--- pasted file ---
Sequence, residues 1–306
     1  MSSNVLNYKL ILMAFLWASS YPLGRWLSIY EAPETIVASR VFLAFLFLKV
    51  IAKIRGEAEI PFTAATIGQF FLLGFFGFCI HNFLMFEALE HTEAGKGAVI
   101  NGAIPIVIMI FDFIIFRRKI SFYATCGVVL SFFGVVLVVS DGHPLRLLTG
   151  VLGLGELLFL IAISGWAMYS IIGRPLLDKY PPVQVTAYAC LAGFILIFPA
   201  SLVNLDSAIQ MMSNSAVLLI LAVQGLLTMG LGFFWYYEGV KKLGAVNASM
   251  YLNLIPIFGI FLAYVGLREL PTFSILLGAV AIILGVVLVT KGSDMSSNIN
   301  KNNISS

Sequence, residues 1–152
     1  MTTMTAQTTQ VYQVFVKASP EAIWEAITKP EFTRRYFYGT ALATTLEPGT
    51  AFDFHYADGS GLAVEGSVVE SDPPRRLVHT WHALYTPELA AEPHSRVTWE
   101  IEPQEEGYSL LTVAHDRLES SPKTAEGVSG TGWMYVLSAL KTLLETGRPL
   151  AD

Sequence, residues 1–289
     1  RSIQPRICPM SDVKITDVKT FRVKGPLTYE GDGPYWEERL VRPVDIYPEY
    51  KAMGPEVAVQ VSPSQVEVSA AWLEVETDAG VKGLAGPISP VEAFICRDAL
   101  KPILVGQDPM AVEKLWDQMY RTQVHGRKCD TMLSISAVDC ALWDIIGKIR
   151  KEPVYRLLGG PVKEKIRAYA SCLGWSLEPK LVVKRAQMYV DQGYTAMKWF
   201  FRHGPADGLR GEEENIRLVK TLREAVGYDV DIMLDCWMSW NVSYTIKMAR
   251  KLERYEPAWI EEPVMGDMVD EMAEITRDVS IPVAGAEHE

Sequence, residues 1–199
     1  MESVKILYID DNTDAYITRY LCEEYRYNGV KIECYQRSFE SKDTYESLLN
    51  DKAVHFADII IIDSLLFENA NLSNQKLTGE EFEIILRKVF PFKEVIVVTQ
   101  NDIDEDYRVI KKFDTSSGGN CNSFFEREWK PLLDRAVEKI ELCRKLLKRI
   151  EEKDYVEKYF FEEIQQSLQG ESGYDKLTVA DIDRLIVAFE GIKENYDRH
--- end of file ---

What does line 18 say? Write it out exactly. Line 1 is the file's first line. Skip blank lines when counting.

   151  KEPVYRLLGG PVKEKIRAYA SCLGWSLEPK LVVKRAQMYV DQGYTAMKWF